Once the Surrender Letter is signed, I then dry my eyes and turn to the fosters. The Foster Letter is read and I ask the fosters to promise Refuge Farms that the horse will be:
·never mistreated
·never underfed
·never sold, traded, given away, or slaughtered
·that life choice decision will involve the owner, if possible
·that, if at some point, keeping the horse is not an option, the fosters simply need to contact Refuge Farms for re-placement of the horse
·and that the owner may request and receive the horse back, if so desired.

The Foster Letter is powerful, as well. And typically the fosters read and reread it to insure they can uphold all of the promises. We have discussion. The signatures are finalized and the horse is now the responsibility of Refuge Farms (gulp!) and fostered out to a willing keeper.

The final step is the transport of the horse and working through the transition. Only in one case have I had to re-place horses due to an improper transition. And I own that error. I did not spend sufficient time talking about transition and I did not stay on the beat of the process with the fosters. My fault. At the expense of life quality for those horses for 60 days, I learned a very valuable lesson.

I carry the guilt and will someday forgive myself. Just not yet. Have those two horses forgiven me? I pray so. Their new fosters love them to pieces and they are once again united in the same pasture. All is well. Time will heal their outward wounds and I have learned the value of the role of Refuge Farms in such a situation.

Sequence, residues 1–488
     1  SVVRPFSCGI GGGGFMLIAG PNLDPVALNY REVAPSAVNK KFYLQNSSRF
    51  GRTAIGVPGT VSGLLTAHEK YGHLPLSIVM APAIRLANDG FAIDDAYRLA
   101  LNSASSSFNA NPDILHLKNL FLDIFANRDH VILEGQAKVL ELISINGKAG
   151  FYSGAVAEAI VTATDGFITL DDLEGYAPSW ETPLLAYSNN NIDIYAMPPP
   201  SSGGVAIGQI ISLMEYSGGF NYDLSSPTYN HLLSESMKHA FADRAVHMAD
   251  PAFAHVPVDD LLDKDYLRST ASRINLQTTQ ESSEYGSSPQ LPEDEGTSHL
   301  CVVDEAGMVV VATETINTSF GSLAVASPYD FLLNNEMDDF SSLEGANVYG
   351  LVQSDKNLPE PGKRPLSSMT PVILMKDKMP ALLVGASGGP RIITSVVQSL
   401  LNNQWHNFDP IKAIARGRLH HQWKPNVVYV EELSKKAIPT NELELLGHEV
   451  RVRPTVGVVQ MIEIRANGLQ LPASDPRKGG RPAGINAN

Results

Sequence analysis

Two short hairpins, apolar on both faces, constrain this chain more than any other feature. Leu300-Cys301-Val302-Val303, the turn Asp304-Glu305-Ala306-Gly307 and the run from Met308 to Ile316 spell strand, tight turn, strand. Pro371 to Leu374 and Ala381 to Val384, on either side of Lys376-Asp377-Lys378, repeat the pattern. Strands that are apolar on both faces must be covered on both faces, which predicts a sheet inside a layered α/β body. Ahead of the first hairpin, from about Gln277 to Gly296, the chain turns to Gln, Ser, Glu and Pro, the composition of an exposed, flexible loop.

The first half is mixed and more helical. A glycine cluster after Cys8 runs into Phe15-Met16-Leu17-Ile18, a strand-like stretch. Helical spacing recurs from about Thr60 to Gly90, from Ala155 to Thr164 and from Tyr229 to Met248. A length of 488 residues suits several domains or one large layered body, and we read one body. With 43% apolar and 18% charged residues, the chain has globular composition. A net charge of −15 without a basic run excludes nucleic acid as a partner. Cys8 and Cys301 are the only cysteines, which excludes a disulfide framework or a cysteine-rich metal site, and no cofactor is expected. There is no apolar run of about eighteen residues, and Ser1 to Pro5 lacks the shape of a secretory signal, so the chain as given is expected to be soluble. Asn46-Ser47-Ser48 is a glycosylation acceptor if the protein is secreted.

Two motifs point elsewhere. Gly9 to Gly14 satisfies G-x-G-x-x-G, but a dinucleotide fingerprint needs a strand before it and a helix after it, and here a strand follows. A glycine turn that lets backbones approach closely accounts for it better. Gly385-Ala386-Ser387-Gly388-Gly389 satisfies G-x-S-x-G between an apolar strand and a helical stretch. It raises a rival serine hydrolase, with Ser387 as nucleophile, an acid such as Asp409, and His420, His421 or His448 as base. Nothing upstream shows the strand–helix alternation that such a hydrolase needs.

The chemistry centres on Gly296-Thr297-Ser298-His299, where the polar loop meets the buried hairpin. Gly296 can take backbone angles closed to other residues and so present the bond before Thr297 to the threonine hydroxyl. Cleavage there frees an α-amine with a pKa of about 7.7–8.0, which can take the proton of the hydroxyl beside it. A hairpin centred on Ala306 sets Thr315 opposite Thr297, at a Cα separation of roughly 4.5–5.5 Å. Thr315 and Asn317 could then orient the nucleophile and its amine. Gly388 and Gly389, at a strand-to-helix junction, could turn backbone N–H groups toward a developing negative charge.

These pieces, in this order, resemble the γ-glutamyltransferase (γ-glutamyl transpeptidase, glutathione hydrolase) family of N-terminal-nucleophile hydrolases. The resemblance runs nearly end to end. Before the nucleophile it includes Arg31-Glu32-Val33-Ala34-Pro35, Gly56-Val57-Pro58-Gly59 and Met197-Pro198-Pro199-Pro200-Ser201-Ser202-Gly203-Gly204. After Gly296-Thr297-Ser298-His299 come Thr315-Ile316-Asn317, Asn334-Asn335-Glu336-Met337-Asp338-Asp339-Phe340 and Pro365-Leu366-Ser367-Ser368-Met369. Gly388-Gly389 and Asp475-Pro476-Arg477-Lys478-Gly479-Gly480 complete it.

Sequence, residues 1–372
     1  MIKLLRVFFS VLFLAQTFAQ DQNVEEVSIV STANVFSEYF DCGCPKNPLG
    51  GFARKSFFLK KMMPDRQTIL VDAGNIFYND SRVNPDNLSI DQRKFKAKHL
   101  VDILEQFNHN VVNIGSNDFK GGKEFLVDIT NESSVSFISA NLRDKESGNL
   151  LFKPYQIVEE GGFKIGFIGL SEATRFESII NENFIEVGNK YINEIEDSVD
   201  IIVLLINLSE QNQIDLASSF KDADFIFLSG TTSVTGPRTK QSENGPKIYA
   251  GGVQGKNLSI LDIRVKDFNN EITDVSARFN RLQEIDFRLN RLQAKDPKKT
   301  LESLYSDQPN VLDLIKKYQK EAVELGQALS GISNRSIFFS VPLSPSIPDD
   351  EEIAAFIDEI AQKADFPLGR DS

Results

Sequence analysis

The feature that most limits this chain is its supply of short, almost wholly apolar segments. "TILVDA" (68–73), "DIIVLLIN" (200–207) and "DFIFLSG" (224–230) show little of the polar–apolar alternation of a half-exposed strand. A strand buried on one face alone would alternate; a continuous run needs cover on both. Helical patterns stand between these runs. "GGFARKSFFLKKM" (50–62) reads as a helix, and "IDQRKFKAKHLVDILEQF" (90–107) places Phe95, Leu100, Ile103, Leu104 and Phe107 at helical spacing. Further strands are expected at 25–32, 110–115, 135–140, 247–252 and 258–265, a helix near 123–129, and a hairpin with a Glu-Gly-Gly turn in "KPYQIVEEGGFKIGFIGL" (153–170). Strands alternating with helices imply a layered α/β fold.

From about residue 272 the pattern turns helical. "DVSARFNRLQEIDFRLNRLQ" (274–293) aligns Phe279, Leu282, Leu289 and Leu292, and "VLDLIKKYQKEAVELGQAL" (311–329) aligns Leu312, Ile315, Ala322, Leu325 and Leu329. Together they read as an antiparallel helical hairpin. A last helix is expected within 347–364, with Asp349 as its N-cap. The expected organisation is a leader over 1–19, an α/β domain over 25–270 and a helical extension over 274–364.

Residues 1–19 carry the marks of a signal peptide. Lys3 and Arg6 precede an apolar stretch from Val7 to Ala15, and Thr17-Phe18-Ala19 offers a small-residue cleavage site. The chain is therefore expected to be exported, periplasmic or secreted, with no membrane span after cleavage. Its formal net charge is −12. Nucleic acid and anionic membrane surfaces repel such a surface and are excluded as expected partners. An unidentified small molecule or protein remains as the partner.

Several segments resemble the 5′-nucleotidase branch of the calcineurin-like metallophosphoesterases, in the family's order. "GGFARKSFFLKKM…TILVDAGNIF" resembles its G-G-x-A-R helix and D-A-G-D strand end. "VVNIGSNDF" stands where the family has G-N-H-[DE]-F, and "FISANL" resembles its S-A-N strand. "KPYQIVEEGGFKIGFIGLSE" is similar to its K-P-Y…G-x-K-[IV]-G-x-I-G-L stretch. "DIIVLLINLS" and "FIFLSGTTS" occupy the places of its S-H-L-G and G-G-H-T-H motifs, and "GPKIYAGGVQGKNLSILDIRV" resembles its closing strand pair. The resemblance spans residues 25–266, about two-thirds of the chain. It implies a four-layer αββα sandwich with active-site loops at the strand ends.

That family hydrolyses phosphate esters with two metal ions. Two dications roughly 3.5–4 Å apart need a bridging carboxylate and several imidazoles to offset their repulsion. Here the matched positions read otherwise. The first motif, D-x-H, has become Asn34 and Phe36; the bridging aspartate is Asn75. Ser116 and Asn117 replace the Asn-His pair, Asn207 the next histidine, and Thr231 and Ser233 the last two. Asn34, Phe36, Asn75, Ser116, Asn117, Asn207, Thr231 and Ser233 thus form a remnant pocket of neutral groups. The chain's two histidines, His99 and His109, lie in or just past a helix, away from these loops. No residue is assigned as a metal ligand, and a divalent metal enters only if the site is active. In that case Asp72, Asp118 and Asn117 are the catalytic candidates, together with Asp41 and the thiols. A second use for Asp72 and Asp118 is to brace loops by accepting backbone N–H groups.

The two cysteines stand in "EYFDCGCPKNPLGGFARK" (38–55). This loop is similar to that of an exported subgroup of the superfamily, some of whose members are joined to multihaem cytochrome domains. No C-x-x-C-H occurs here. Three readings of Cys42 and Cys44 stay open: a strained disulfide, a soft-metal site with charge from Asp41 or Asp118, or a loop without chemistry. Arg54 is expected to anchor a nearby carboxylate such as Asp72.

This whole program seems like a small thing, doesn’t it? Yup. It sure does. Until you get the hug of an owner who knows their horse is safe. Is in good hands. And will be given the opportunity to live out its natural life without the threat of mistreatment or slaughter. Those “owner hugs” are tight. Sometimes it’s hard for me to breathe! There are usually tears, but there is gratitude and relief, too, all rolled up in to one big hug.

Then there are the hugs of the fosters. Shorter and more joyous! A new horse to love! Their “foster hugs” are never very long – We must get out to the barns and show Doc around the place! See you soon, Sandy! Bye!

Just like visiting THE FARM, there is no charge for the Surrender and Foster Program. Charging would go against our mission and philosophy. The Surrender and Foster Program at Refuge Farms actually ends up costing THE FARM money and time. I don’t do it for the owners or for the fosters, although they are most happy that Refuge Farms is there for them. No. I do it for the horses.

I do it so there are fewer horses without options out there for me to rescue. I do it because we can, I guess. Because without doing it, I would have trouble sleeping at night. I do it because just like yesterday, as I’m driving home from a successful surrender and foster, I’m smiling and humming a song. It feels good. It is the right thing to do. It is why we are here.

This program is a way that “Horses Helping…” is helping people through the use of horses. I do it because it’s “taking a horse and making a difference in someone’s life”. Andy did not intend this, I don't think. Maybe he knew? I know I didn't think I would be fostering! It has just become an extension of that initial challenge that turned my retired, quiet, safe and secure little life around. Thanks, Durco! I do owe you - big time! And so do 79 horses…so far!

Yes, it is the right thing to do. Even though it’s difficult and worrisome. But I’m old enough and hopefully wise enough to have learned that nothing good is ever simple, is it?

Enjoy the journey of each and every day,
Sandy and The Herd and our latest foster, Rafferty!